Manufacturing facilities in the U.S. consume high volumes of water in order to manufacture goods for the public. That water is regulated by federal and local government when it is fed into the facility and when it is discharged from the facility (as wastewater). Recycling this wastewater can eliminate the need to discharge water altogether, reducing the amount of water a facility consumes significantly. Reducing water consumption saves the manufacturer money and reduces their impact on the environment. Here are the top 3 reasons why manufacturers recycle and reuse their process water.
Manufacturers are using their existing brand power to lead by example and support water conservation efforts. Mandates from corporate headquarters are passed to their U.S. manufacturing facilities to recycle water, reduce water consumption, and demonstrate environmental stewardship overall. These companies recognize those efforts as a social responsibility, understanding also that consumers favor companies who are taking action to improve the impact they have on their community and the environment.
Manufacturers within states that experience drought (short term or long term) are impacted by water price increases and state-wide conservation mandates. These impacts can turn into production losses and even downtime, if the facility does not have access to the water volume they need to keep up with regular production. An industrial wastewater recycling system (a closed loop process) ensures that the facility has the volume of water they need for production, even during a drought. Manufacturers who use water recycling systems report reuse rates varying between 80% and 95%. The reuse rate is dependent upon the facilities wastewater quality and the technology used in the recycling system. At any rate, this is a viable long-term solution for facilities in drought-prone regions.
Manufacturers are routinely trying to cut back expenses. Often they look to cut operation costs, which include expenses associated with water. Facilities incur several ongoing water-related costs. They purchase water form the city, purchase and maintain wastewater treatment equipment, employ personnel to operate the treatment equipment, and pay fees associated with discharge permits. Additionally, if a manufacturer is out of compliance with their discharge permit, they can also incur penalty fees and even face legal action. While the cost per gallon of water varies, more manufacturers are finding they can save money by recycling what they already use. Water recycling practices can also provide added benefits such as extending the life of process and treatment equipment (due to the high quality of the recycled water).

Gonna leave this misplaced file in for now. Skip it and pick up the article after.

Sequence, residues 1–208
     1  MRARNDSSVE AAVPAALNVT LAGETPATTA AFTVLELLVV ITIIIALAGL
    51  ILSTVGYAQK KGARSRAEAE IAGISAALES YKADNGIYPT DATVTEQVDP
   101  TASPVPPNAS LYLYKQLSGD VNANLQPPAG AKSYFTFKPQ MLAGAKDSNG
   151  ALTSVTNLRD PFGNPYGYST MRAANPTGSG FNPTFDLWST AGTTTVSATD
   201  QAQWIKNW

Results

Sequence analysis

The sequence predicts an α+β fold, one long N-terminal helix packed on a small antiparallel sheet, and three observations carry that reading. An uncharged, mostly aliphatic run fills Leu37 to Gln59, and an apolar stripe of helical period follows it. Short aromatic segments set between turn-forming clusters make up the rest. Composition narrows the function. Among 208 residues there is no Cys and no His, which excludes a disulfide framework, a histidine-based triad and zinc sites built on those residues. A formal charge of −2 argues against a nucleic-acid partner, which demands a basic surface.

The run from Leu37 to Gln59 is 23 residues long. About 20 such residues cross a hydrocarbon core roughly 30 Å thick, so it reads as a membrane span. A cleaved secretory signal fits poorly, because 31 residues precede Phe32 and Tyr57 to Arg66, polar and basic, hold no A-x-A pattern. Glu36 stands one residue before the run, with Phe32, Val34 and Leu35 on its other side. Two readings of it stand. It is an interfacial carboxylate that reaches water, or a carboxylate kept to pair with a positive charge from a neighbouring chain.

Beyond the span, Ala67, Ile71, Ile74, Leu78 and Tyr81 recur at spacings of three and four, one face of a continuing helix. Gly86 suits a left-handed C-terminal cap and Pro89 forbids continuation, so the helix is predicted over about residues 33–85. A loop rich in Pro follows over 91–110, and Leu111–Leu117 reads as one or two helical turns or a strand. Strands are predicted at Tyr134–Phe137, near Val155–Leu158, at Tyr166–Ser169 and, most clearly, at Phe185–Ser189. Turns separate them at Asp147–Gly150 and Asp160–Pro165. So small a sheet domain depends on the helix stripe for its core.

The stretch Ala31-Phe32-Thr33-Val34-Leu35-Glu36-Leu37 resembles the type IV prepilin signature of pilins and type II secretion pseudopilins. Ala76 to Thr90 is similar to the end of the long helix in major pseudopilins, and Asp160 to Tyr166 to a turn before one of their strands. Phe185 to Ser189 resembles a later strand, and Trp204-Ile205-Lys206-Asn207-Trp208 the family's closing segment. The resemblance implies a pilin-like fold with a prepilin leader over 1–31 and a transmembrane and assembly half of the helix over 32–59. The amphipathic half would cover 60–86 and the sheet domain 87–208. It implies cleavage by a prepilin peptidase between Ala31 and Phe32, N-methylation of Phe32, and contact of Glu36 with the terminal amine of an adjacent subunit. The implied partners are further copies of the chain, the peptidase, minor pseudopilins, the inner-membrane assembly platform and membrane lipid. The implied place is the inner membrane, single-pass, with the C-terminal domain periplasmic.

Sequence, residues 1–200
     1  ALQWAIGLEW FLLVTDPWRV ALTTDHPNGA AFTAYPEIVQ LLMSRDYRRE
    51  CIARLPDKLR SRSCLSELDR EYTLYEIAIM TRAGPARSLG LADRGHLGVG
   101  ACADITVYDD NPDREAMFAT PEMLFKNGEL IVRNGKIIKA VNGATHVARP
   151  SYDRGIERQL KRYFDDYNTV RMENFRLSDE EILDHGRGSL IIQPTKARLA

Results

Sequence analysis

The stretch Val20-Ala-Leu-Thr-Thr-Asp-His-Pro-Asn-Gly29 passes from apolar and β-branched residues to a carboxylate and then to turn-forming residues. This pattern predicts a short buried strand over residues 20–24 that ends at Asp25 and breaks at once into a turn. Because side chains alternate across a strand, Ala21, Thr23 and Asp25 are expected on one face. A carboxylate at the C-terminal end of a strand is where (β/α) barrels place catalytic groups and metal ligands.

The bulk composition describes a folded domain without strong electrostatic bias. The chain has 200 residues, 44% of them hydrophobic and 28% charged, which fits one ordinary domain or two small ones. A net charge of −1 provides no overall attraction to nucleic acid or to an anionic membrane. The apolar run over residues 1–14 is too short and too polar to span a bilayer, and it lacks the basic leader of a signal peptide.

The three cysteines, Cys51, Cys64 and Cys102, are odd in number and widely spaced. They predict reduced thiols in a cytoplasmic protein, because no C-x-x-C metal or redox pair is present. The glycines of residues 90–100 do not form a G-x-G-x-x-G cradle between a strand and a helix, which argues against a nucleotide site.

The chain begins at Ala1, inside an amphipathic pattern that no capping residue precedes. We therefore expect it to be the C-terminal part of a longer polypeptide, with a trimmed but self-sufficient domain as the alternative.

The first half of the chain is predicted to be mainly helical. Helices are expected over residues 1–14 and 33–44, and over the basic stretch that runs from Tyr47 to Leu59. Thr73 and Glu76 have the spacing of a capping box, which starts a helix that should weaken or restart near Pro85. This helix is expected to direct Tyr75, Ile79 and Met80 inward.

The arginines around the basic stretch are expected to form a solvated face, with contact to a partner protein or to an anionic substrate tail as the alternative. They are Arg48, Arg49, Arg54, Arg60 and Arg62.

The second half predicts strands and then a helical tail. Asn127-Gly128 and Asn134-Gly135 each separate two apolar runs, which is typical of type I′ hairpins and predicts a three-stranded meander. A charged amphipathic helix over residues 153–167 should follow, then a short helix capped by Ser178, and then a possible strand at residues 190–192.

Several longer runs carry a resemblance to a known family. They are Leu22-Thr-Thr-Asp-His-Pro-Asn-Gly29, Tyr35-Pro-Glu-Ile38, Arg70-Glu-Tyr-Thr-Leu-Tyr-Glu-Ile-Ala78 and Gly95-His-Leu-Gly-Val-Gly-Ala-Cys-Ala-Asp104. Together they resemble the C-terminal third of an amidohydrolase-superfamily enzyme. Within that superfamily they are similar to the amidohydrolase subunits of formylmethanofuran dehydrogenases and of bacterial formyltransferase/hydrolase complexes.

Recycling industrial wastewater allows manufacturers to reuse the water they have already purchased, which saves the money, mitigates impacts from drought conditions, and promotes the company as environmental stewards. There are many big name companies who recycle their wastewater, and they usually promote these activities online and in annual reports that are also available to the public. With just a little research, you can learn about the environmental initiatives of your favorite brands.
In the face of impending changes to the power industry's ELG limitations from the EPA, facilities are looking for a cost-effective solution for meeting stricter limits now and in the future.
This table outlines the proposed limits on the most heavily restricted contaminants and their concentrations found in FGD waste streams (that were used to test I-PRO technology).
Traditional treatment methods utilize physical/chemical treatment and biological treatment, and then discharge the water. Doing so, however, still leaves room for permit violations. Traditional systems are also very large in size and are capital expensive.
Zero-liquid discharge is the best option for power generation facilities to meet these low ELG limits, as it the only method that will ensure 100% compliance now and in the future. ProChem's I-PRO technology in conjunction with solidification or evaporation can provide power generation facility's with an economical solution for meeting currently proposed regulations and future regulations.
The following data is based upon a total daily flow of 100,000 gallons (average).